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text,data and bss

P: n/a
i just got to know there are three different sections in which we can
divide our program
*Text section
*Data section
*Bss

i think text section contain our code,data section include heap,stack
(?) etc.

Can any body throw light on Bss section...
Nov 16 '08 #1
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27 Replies


P: n/a
c.***********@gmail.com wrote:
i just got to know there are three different sections in which we can
divide our program
*Text section
*Data section
*Bss

i think text section contain our code,data section include heap,stack
(?) etc.

Can any body throw light on Bss section...
http://en.wikipedia.org/wiki/.bss

Bye, Jojo
Nov 16 '08 #2

P: n/a
On 16 Nov 2008 at 12:14, c.***********@gmail.com wrote:
i just got to know there are three different sections in which we can
divide our program
*Text section
*Data section
*Bss

i think text section contain our code,data section include heap,stack
(?) etc.
The heap and stack occupy the virtual memory locations above the text
and data segments. The heap will grow upwards, the stack downwards from
the highest memory address.

Here is a picture:

highest address
=========
| stack |
| vv |
| |
| |
| ^^ |
| heap |
=========
| bss |
=========
| data |
=========
| text |
=========
address 0
Can any body throw light on Bss section...
Variables that are initialized to 0 are placed in the BSS segment.
Static variables not initialized to 0, constants, strings, etc. are
placed in the data segment.

Nov 16 '08 #3

P: n/a

<c.***********@gmail.comwrote in message
news:5c**********************************@o40g2000 prn.googlegroups.com...
>i just got to know there are three different sections in which we can
divide our program
*Text section
Executable code
*Data section
Static data (variables etc) initialised at compile time. Both of these use
up space in the executable.
*Bss
Static data (variables etc) uninitialised at compile time (or possibly,
initialised to zero). These take no data space in the executable. At runtime
you would hope these are initialised to zero.
i think text section contain our code,data section include heap,stack
(?) etc.
Heap and stack are assigned at runtime. They take up no space in the
executable although it may specify what size they should be, especially the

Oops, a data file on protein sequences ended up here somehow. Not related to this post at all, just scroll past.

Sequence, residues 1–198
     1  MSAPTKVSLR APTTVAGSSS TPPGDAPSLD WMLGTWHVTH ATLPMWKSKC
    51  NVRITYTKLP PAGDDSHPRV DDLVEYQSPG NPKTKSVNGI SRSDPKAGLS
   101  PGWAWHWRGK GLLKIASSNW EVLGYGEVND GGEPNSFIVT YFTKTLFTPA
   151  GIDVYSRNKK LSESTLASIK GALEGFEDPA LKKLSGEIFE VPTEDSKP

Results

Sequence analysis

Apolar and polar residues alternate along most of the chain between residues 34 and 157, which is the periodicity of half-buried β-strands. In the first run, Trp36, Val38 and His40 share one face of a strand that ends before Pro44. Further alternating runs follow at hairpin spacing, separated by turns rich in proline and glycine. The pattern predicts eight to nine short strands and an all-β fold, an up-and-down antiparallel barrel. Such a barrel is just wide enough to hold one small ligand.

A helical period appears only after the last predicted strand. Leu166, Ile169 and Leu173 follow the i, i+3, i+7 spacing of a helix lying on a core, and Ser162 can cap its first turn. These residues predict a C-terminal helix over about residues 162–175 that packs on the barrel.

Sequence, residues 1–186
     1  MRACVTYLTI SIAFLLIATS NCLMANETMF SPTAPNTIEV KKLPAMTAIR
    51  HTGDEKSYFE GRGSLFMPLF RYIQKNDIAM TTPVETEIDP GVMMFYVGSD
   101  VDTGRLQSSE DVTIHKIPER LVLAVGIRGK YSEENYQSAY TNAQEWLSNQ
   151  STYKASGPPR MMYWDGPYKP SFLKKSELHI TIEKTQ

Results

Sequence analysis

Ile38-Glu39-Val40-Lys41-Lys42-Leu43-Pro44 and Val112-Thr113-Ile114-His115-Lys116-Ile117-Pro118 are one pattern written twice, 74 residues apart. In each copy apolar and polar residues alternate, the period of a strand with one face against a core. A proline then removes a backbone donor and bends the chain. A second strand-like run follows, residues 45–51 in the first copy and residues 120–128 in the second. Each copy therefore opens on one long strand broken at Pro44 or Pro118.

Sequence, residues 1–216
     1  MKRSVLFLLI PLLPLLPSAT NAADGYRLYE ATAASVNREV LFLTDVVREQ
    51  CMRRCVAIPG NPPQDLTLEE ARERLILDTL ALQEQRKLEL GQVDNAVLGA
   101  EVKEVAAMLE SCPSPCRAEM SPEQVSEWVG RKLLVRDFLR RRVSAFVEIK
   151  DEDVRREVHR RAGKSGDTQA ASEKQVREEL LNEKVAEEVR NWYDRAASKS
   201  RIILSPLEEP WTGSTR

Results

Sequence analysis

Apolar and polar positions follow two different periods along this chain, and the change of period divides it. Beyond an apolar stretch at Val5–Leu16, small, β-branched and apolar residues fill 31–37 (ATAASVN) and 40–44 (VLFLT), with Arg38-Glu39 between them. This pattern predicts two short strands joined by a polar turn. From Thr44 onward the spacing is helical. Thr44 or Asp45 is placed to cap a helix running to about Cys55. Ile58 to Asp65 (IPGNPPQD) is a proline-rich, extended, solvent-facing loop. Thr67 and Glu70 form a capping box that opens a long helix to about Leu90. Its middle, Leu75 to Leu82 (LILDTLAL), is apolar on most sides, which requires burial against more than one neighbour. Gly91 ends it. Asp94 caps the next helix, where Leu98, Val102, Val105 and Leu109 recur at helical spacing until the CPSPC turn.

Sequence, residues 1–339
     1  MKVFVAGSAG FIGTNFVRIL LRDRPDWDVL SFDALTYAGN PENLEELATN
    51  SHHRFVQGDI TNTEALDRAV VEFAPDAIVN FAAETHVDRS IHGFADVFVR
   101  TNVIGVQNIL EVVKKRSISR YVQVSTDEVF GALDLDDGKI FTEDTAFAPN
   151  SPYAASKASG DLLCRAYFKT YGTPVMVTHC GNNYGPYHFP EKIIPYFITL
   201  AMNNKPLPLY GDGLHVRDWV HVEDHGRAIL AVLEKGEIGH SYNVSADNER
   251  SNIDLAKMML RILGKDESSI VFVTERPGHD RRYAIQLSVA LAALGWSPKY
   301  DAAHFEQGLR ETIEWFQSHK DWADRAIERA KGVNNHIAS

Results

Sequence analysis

stack.

This is all in the context of a typical C implementation that uses
traditional compilation and linking and the concept of an executable file.
In theory C could be implemented entirely differently. Or even slightly
differently...

--
Bartc

Nov 16 '08 #4

P: n/a
"c.***********@gmail.com" <c.***********@gmail.comwrites:
i just got to know there are three different sections in which we can
divide our program
*Text section
*Data section
*Bss

i think text section contain our code,data section include heap,stack
(?) etc.

Can any body throw light on Bss section...
This question really has nothing to do with the C language. It's
entirely determined by your operating system, and can vary from one
system to another. The same C program compiled on different systems
might have different sections; a C program and a Fortran program
compiled on the same system will probably have the same sections with
the same meanings. The C language itself says nothing about text,
data, and bss sections.

So your question would be appropriate in a newsgroup that discusses
your operating system, perhaps comp.unix.programmer or
comp.os.ms-windows.programmer.win32. But you can probably answer it
more easily with a quick Google search.

--
Keith Thompson (The_Other_Keith) ks***@mib.org <http://www.ghoti.net/~kst>
Nokia
"We must do something. This is something. Therefore, we must do this."
-- Antony Jay and Jonathan Lynn, "Yes Minister"
Nov 16 '08 #5

P: n/a
On 16 Nov, 12:14, "c.lang.mys...@gmail.com" <c.lang.mys...@gmail.com>
wrote:
i just got to know there are three different sections in which we can
divide our program
*Text section
*Data section
*Bss

i think text section contain our code,data section include heap,stack
(?) etc.

Can any body throw light on Bss section...
Think of the work of the program loader. To load a program it has to
basically do the following.

1. Allocate memory for the program executable code and load the code
from the executable file into that space.
2. Allocate memory for a stack.
3. Allocate memory for program data - say 300 bytes are needed of
which 200 have initial values and 100 are not initialised. It loads
the first 200 bytes of initial values from the executable file. The
remaining 100 bytes have no initial values so they are not part of the
executable file but there still needs to be space allocated for them
when the program runs. The last 100 bytes is the bss section.

The need for both predefined data and uninitialised data can be seen
in the these two statements. Think of them as global or static.

float a = 53.0;
float b;

Variable a and others like it which have an initial value will be
assigned to the data section. Variable b and others which are not
initialised are assigned to bss. Since values in bss are not specified
the compiled code does not need to specify initial values for them,
they don't need to take up space in the executable file and the
program loader doesn't need to spend time loading them from disk.

--
HTH,
James
Nov 16 '08 #6

P: n/a
On 16 Nov, 12:18, "Joachim Schmitz" <nospam.j...@schmitz-digital.de>
wrote:
c.lang.mys...@gmail.com wrote:
i just got to know there are three different sections in which we can
divide our program
*Text section
*Data section
*Bss
i think text section contain our code,data section include heap,stack
(?) etc.
Can any body throw light on Bss section...

http://en.wikipedia.org/wiki/.bss
Is the current Wikipedia entry right? It says that bss contains
initially zero-filled values. Surely the bss holds _undefined_ data.
Maybe some operating systems zero-fill the space but that is OS-
dependent. Also, all-zero bit patterns do not necessarily signify
zeroes in all data types. For example, floating point zeroes are not
necessarily all-zeroes patterns.